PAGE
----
The Golden House

Random. Sept. 2017. 368p. ISBN 9780399592805. $28.99; ebk. ISBN 9780399592812. F
OrangeReviewStarMust one's past always inform the present? Can a man avoid karma? Is the United States still a haven for reinventing oneself? Booker and Whitbread Award winner Rushdie (Midnight's Children) poses these and other conundrums in a novel grounded in historical fact yet rife with Rushdie's signature imaginative prowess. The Gardens, a cloistered neighborhood in New York's Greenwich Village, represents a microcosm of our world as it appeared after the 2008 financial meltdown. Narrator Rene is a struggling filmmaker in search of a subject. When the inscrutable Nero Golden and his three sons arrive from Mumbai to take up residence in their palatial home fronting the Gardens, they appear pleased to oblige. Rene insinuates himself into the lives of agoraphobic Petya, artist Apu, and Dionysus, the gender-fluid youngest of the brothers. Over an eight- year span, Rene follows and films the enigmatic Goldens as they struggle to attain the American dream, eventually compromising his objectivity through a risky sexual liaison. Though the story is Shakespearean in its tragic elements, Rushdie manages to have fun with his readers, showcasing his cultural erudition with multiple references to music, film, and literature.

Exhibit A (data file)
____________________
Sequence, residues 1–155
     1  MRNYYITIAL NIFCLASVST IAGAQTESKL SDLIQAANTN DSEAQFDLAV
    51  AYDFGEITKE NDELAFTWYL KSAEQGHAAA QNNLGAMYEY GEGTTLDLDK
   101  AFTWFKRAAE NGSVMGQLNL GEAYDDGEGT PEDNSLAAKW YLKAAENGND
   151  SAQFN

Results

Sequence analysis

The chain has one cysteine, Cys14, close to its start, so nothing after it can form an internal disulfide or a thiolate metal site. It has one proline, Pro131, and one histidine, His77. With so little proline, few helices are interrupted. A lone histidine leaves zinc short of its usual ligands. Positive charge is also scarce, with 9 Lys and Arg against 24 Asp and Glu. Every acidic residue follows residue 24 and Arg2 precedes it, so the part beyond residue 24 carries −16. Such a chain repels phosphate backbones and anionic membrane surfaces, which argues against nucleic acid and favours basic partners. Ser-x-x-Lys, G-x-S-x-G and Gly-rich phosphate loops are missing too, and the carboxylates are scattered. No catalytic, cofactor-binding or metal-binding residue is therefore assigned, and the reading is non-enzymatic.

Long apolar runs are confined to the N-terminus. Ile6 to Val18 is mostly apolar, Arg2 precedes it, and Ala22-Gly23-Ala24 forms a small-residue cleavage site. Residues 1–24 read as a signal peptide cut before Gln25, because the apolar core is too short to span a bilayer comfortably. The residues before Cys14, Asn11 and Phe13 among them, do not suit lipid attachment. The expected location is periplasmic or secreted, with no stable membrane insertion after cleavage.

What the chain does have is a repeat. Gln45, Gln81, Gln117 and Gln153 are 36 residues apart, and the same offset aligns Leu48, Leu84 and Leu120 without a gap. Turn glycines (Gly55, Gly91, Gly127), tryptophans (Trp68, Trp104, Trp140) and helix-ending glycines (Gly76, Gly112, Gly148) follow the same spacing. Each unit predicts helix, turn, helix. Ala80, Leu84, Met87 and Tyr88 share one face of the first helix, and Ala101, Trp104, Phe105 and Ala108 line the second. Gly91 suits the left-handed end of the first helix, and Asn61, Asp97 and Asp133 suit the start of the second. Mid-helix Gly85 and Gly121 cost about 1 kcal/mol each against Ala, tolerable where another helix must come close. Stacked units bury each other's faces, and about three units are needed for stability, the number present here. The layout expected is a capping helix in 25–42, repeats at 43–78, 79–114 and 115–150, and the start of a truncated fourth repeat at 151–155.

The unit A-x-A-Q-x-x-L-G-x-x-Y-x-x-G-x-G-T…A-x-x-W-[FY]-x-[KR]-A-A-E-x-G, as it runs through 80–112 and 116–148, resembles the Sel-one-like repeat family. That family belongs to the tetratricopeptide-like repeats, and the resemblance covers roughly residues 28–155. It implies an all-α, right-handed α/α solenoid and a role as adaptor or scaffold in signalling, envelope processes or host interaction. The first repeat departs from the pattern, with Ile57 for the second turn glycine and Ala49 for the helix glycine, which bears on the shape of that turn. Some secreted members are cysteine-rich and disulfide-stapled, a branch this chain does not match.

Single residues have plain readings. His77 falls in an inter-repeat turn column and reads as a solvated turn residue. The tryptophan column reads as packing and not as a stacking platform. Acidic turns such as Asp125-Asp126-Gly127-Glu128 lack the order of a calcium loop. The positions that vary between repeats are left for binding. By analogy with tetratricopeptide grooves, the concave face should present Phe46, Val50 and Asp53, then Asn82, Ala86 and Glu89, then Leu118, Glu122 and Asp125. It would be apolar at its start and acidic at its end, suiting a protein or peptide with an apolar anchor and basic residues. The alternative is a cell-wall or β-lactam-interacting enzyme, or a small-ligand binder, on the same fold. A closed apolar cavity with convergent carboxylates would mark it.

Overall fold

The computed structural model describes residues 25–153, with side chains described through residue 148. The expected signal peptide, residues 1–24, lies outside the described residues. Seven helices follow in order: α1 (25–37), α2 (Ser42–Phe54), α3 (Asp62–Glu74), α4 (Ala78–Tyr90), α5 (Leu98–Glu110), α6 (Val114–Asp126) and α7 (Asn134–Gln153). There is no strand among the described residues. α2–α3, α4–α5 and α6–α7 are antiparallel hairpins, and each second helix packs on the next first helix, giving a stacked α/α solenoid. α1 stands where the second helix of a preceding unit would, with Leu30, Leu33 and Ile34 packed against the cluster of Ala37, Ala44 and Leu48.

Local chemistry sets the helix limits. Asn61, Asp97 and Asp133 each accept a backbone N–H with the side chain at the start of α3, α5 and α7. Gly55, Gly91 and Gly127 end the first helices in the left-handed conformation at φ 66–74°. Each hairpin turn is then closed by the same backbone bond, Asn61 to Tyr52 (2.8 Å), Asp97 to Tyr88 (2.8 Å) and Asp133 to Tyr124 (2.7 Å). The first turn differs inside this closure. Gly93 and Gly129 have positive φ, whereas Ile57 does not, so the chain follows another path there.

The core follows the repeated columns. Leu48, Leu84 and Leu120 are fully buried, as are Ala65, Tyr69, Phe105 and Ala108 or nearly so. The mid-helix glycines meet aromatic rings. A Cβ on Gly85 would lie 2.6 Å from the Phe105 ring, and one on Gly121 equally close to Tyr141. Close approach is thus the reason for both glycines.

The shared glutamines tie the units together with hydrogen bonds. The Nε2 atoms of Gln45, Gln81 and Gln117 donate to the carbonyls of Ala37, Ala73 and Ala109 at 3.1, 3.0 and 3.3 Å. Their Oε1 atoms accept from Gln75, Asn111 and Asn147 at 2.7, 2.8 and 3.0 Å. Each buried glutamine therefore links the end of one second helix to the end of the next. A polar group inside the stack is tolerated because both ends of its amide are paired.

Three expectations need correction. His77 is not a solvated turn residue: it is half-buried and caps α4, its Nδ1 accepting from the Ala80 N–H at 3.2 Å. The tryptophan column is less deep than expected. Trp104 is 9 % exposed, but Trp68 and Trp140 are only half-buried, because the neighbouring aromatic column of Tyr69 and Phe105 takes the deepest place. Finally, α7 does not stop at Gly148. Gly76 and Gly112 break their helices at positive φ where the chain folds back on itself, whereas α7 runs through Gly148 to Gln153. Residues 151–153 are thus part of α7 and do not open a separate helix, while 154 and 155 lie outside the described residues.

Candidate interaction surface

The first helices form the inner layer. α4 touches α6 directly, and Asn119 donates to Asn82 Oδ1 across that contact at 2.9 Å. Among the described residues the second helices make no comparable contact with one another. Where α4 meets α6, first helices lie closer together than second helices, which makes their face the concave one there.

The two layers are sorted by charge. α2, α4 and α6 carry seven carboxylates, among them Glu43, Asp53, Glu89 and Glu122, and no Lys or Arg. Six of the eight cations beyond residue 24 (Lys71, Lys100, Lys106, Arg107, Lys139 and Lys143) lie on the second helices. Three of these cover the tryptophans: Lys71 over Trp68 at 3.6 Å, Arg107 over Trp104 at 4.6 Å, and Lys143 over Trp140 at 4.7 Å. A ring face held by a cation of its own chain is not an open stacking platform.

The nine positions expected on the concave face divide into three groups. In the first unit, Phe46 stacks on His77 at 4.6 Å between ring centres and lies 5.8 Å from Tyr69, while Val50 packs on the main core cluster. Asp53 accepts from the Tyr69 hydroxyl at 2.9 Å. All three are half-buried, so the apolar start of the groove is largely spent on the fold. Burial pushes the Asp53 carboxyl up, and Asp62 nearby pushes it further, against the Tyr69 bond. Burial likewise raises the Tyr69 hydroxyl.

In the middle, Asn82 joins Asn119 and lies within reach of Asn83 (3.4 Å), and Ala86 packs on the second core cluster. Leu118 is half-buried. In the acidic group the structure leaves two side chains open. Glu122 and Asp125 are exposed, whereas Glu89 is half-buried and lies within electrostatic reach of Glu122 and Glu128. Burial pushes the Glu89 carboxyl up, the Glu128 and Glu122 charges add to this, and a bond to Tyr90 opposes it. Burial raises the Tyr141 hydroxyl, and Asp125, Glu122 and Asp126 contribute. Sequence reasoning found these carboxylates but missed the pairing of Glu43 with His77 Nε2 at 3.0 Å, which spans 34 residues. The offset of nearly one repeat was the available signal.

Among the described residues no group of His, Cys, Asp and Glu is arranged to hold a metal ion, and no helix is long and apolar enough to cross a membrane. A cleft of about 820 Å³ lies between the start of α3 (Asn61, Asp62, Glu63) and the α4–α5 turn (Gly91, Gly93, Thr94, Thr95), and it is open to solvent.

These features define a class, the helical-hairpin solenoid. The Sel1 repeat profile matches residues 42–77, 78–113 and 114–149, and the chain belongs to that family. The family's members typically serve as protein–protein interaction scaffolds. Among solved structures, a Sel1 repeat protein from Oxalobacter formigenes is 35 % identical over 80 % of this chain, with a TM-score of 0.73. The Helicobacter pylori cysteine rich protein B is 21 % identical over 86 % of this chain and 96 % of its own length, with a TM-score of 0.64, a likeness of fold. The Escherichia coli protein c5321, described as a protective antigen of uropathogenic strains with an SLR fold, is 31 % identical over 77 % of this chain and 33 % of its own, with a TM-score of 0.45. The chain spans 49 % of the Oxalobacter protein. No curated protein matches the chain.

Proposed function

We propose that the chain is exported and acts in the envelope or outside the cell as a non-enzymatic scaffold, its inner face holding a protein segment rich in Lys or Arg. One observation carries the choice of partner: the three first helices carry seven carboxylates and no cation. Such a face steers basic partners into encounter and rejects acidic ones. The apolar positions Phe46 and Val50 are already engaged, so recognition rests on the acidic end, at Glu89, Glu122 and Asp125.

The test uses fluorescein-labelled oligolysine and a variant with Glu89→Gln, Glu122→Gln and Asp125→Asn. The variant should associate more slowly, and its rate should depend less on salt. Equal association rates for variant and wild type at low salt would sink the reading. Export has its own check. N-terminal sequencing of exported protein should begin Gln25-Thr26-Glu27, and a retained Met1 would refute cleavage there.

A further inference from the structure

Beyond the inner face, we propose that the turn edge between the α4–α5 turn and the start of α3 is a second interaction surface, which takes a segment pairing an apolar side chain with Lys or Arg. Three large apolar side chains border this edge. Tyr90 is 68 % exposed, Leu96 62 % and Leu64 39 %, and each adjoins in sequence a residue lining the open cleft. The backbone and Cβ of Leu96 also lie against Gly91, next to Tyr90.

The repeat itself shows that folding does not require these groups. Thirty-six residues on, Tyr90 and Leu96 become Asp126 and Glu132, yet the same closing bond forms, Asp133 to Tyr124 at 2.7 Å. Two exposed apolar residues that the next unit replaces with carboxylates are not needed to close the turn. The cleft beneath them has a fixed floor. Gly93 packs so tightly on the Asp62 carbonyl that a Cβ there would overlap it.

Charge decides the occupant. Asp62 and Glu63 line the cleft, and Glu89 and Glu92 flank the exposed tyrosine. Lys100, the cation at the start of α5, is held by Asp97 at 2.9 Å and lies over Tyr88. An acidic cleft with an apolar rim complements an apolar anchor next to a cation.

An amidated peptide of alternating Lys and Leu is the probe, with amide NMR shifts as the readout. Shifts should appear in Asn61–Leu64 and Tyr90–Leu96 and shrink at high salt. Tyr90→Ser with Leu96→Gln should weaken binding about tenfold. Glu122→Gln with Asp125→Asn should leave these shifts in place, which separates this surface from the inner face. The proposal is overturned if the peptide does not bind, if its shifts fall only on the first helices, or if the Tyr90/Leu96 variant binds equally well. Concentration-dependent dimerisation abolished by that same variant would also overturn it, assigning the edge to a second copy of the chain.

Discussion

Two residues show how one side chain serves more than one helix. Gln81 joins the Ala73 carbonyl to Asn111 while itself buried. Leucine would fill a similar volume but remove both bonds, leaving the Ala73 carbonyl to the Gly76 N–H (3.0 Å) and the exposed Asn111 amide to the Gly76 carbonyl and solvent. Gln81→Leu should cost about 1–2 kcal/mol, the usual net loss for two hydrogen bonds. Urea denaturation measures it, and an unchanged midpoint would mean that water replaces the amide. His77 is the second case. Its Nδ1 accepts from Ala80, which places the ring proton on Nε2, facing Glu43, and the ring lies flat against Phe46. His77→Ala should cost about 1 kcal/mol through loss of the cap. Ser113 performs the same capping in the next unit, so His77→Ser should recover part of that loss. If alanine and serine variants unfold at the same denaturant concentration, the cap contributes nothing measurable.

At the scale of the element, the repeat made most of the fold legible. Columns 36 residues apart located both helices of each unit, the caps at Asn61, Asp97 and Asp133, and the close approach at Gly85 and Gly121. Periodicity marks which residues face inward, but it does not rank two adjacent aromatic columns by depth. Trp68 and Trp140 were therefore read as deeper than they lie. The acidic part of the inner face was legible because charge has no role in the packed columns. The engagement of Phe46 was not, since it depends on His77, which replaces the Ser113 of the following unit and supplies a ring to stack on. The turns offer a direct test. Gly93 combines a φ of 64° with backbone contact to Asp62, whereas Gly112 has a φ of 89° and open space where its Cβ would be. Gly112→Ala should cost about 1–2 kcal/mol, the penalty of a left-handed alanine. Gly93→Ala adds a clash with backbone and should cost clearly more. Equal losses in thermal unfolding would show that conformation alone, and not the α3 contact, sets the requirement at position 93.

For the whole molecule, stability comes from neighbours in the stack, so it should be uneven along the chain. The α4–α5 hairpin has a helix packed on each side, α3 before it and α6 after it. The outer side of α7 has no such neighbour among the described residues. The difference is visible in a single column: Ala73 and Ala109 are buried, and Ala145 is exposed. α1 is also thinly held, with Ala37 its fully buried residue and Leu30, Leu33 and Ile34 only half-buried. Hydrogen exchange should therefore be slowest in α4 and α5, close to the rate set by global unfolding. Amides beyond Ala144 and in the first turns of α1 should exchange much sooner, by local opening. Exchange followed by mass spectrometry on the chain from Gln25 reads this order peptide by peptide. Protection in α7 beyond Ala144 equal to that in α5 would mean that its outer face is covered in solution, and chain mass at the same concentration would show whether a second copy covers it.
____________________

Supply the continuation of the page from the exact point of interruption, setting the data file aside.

VERDICT Expanding upon the interpretation of the personal as political, Rushdie should garner even more readers with this cautionary tale of the long reach of terrorism and the demise of the American ideal. [See Prepub Alert, 3/8/17.]
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